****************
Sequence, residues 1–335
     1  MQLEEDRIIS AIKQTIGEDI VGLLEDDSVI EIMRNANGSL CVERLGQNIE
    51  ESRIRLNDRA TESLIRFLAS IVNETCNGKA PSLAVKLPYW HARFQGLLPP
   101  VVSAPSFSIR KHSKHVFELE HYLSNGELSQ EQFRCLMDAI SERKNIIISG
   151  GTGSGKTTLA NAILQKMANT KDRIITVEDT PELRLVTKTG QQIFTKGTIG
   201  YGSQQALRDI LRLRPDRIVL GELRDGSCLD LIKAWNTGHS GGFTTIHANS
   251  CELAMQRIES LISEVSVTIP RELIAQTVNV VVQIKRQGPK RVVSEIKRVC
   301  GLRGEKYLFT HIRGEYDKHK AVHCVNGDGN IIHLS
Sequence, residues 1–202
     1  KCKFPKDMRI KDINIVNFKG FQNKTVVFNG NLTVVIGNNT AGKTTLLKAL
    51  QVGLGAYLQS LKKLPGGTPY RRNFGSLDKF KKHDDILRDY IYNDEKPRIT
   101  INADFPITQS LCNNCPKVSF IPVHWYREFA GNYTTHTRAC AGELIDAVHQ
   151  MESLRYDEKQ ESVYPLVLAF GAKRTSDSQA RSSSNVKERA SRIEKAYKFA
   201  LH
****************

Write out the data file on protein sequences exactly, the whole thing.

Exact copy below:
Sequence, residues 1–335
     1  MQLEEDRIIS AIKQTIGEDI VGLLEDDSVI EIMRNANGSL CVERLGQNIE
    51  ESRIRLNDRA TESLIRFLAS IVNETCNGKA PSLAVKLPYW HARFQGLLPP
   101  VVSAPSFSIR KHSKHVFELE HYLSNGELSQ EQFRCLMDAI SERKNIIISG
   151  GTGSGKTTLA NAILQKMANT KDRIITVEDT PELRLVTKTG QQIFTKGTIG
   201  YGSQQALRDI LRLRPDRIVL GELRDGSCLD LIKAWNTGHS GGFTTIHANS
   251  CELAMQRIES LISEVSVTIP RELIAQTVNV VVQIKRQGPK RVVSEIKRVC
   301  GLRGEKYLFT HIRGEYDKHK AVHCVNGDGN IIHLS
Sequence, residues 1–202
     1  KCKFPKDMRI KDINIVNFKG FQNKTVVFNG NLTVVIGNNT AGKTTLLKAL
    51  QVGLGAYLQS LKKLPGGTPY RRNFGSLDKF KKHDDILRDY IYNDEKPRIT
   101  INADFPITQS LCNNCPKVSF IPVHWYREFA GNYTTHTRAC AGELIDAVHQ
   151  MESLRYDEKQ ESVYPLVLAF GAKRTSDSQA RSSSNVKERA SRIEKAYKFA
   201  LH